Moreover, Mr. Koo expressed concerns about the use of artificial intelligence and deep-fake technologies to generate misinformation and distort people’s perceptions of politics. He noted that the cost for the CCP to engage in such interference is relatively low, while the expenses required to counteract CCP influence could be exceptionally high. Furthermore, those responsible for the production of deceptive information often adopt a strategy of silence following initial dissemination, making efforts to trace their origin nearly impossible. This deliberate tactic aims to obfuscate their true identity and motives.

Tactics and practices in information warfare from extremist organizations or authoritarian regimes are growing increasingly sophisticated and yielding detrimental effects. It is noteworthy that certain social media platforms, such as TikTok, may not prioritize profit as their primary motive, they are driven by other factors beyond financial gain. These platforms may play a role in influencing or promoting policies and ideologies aligned with specific organizations or authoritarian states. Additionally, they may rely on disseminating disinformation to further their agendas.[11]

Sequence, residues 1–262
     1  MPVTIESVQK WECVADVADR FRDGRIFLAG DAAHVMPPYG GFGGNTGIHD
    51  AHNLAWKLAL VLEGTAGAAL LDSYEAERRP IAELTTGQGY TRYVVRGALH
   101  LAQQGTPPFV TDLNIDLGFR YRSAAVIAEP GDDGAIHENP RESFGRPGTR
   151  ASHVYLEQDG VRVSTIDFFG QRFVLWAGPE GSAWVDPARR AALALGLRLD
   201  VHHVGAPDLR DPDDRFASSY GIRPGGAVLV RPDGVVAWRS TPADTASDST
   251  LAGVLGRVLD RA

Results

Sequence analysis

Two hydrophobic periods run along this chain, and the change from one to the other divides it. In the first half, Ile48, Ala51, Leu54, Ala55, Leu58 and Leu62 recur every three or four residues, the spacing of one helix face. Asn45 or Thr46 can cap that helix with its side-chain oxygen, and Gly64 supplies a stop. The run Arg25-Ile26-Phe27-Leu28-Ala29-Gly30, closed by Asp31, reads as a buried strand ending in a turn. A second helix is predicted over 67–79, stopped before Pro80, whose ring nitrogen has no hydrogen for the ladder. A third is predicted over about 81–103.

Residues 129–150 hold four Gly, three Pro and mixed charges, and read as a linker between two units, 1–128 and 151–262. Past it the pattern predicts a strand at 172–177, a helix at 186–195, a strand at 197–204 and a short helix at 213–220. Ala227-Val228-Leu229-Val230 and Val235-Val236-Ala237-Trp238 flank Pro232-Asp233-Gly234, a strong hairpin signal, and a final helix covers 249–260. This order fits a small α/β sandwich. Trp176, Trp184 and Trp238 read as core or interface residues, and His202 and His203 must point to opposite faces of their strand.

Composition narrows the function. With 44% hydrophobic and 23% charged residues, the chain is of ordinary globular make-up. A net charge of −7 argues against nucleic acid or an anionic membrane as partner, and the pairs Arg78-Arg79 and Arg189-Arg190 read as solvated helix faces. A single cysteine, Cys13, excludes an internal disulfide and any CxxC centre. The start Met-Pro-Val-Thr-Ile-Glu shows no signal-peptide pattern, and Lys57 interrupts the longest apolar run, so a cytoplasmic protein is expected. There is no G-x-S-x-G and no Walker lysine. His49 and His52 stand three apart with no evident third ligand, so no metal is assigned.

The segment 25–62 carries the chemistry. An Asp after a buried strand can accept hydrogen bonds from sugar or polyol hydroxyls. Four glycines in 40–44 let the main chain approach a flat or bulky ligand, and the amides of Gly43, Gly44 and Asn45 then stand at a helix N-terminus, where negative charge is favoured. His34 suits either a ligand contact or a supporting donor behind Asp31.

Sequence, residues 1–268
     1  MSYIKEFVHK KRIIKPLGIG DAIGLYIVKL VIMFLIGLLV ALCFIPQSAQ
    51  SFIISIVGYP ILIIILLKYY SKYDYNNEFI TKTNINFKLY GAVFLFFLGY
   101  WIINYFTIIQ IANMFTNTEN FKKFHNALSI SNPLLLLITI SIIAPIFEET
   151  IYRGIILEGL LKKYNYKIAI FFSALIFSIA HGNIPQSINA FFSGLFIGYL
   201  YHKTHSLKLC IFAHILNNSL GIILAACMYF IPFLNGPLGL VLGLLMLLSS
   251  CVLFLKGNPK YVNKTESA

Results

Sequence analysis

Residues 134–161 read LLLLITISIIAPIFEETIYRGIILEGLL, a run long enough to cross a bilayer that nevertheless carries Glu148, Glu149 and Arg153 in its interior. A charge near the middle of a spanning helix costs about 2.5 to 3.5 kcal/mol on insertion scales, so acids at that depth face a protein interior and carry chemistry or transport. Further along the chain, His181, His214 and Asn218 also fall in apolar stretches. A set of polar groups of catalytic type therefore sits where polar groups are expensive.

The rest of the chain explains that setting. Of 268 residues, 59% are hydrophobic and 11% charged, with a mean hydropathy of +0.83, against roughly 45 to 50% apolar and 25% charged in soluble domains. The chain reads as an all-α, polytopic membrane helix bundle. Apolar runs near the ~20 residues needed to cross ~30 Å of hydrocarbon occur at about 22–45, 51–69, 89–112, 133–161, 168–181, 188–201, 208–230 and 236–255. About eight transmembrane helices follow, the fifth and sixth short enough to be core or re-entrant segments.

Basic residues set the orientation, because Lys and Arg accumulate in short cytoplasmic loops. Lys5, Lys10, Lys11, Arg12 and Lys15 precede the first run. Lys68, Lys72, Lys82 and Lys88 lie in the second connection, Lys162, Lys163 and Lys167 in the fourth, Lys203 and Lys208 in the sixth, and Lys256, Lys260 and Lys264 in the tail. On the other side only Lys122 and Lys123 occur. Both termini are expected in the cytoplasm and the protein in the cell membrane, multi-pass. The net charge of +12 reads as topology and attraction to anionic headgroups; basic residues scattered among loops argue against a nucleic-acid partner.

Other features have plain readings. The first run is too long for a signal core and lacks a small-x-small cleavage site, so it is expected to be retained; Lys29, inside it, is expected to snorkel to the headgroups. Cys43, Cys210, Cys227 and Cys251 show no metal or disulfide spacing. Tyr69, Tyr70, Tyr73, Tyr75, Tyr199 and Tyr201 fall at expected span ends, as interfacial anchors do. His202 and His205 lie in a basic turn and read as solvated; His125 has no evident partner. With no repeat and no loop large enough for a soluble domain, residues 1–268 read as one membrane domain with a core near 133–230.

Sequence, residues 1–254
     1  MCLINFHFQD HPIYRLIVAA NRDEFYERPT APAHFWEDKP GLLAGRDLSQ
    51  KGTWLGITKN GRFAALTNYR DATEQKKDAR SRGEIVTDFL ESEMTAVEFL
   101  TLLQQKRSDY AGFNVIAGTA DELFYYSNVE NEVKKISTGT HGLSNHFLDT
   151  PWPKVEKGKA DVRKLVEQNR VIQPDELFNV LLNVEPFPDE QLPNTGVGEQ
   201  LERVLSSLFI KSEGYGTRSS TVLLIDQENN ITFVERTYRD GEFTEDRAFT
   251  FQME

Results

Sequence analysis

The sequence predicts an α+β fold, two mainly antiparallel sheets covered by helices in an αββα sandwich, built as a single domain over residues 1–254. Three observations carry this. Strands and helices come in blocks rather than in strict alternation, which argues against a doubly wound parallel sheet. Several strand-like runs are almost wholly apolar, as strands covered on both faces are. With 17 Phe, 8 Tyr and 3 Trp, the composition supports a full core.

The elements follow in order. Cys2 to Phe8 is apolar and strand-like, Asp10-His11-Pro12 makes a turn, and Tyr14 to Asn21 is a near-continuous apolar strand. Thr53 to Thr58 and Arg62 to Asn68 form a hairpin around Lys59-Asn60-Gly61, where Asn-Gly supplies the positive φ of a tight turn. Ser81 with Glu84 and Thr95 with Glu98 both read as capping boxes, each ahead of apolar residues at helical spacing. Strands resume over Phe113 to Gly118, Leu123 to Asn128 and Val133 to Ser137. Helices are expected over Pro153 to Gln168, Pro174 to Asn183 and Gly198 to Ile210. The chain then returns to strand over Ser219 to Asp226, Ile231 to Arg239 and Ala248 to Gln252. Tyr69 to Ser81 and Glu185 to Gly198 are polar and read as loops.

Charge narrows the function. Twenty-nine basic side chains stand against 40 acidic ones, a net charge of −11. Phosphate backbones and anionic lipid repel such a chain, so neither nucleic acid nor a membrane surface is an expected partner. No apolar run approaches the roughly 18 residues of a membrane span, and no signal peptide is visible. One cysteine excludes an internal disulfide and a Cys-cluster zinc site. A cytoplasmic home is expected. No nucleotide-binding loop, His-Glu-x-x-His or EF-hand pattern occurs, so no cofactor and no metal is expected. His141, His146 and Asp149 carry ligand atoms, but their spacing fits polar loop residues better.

How Should Democratic Countries Respond?

While most democratic nations are aware of the threat posed by influence operations from authoritarian states, and there is a consensus on the importance of enhancing media literacy and fostering information resilience among the public, the real challenge lies in effectively implementing and executing these measures.

For the government and armed forces of Taiwan, countering cognitive and influence operations from authoritarian states is an urgent and imperative task. According to the Taiwan National Defense Report released in 2023, the CCP continues to infiltrate and engage in media and internet activities. CCP’s strategy involves fostering internal division and stirring discord within Taiwan to undermine public trust in the government. The CCP’s methods include hacking and infiltrating the Internet, disseminating controversial messages, propagating extravagant propaganda, utilizing United Front tactics, and employing deliberate distortion, direct falsification, wedge-driving, and provocation.[12]